Natural Law


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  • Created by: Emma
  • Created on: 08-04-12 12:48

Came from Ancient Greek & Roman texts

First seen in plays in early greek/roman years
Aristotle also wrote about it being "the natural that is which everywhere is equally valid"

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Thomas Aquinas developed the theory

In his book Summa Theologica in 13th century
It is an absolutist theory (actions are always good/evil in every situation)
Deontological (Same thing really)

Aquinas said it was "the moral code existing within the purpose of nature created by God"
Natural law exists to help humans find their destiny with God
All humans were born good because natural law exists within everyone
Noone commits an evil act willingly (according to Aquinas)

One main natural law is "Good is to be persued and evil is to be avoided" 

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Aquinas came up with the precepts to help us to find our goal

Primary precepts:
W orship God
O rdered society
R eproduction
L earning (educate the young)
D efend the innocent (self preservation) (protect human life)

Secondary precepts:
Thes come from the primary precepts and are the deontological absolute rules. Such as the ten commandments or our rules of society
For example the precept "Protect the innocent" would become "Do not abort" or "Do not kill" as a secondary precept

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Real and apparent goods

Aquinas saw everyone as good 
Noone could persue an evil act knowingly
People act the way they do because they think it is good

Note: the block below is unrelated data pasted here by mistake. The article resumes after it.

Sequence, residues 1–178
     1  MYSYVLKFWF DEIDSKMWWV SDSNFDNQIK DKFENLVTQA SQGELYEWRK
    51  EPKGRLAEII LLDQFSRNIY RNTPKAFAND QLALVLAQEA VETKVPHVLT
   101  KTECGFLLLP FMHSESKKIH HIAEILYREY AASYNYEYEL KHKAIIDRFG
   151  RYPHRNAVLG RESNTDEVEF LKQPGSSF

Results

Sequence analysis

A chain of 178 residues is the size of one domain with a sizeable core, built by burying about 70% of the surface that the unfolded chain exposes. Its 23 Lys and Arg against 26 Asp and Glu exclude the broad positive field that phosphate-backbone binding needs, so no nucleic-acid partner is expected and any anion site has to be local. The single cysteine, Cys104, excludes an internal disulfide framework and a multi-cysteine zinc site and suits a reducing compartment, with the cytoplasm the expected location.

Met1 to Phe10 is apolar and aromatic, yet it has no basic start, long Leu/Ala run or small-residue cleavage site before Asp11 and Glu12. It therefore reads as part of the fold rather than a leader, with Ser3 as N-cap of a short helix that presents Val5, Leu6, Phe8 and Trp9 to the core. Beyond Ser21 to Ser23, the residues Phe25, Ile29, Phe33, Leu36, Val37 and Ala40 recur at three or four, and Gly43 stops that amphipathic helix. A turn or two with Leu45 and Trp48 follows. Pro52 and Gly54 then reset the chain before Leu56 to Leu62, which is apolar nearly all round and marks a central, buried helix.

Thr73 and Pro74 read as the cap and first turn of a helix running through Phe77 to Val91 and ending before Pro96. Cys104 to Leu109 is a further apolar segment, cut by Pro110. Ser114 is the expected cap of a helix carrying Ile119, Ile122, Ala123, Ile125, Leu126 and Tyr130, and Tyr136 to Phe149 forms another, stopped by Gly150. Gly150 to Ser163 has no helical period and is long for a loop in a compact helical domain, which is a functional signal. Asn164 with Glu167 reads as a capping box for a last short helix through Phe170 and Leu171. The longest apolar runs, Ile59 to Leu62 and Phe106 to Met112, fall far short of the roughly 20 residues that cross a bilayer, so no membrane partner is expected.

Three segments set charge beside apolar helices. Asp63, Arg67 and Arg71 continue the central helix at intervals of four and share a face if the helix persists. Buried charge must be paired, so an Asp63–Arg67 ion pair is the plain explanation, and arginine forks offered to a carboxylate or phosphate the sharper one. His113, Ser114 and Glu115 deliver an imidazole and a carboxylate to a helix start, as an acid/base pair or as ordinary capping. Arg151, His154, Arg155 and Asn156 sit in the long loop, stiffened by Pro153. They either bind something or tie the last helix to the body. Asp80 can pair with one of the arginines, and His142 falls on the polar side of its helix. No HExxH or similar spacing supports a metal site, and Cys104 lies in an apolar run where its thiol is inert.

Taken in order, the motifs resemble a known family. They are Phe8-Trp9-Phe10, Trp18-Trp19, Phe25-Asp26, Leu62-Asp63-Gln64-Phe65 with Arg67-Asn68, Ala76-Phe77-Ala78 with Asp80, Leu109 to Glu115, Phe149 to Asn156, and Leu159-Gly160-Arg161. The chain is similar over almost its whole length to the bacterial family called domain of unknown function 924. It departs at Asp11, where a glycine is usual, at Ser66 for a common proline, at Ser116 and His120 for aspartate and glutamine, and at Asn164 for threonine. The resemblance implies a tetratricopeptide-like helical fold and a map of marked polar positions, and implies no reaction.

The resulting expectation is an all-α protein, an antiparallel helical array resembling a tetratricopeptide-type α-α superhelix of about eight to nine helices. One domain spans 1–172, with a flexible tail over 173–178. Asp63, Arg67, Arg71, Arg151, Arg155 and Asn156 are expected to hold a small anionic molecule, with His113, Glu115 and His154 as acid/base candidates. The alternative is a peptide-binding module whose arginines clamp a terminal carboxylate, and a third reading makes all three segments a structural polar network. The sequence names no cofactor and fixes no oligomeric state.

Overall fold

He explained this as "real" and "apparent" goods
"Real" goods were actual good actions which brought us closer to god and helped fullfil our destiny
"Apparent" goods are acts which we do in the heat of the moment or we think they will bring good for us but actually they do not fullfil our aims to be one with God

For example: Stealing food to stop from being hungry is an apparent good, because stealing is wrong: it is written in the commandments. A deontologicalist would encourage starving families not to steal but to seek aid such as family, friends, neighbours, shelters and organisations.

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Exterior and Interior acts

Aquinas believed that it was not just the action but the intention which was important
The interior act is the intention
The exterior act is the act itself
If you gave half of your money to charity that is a good exterior act, but if you only did it to look good infront of your community that is a bad interior act.
Aquinas says you should only do something if both the exterior and interior acts are good 

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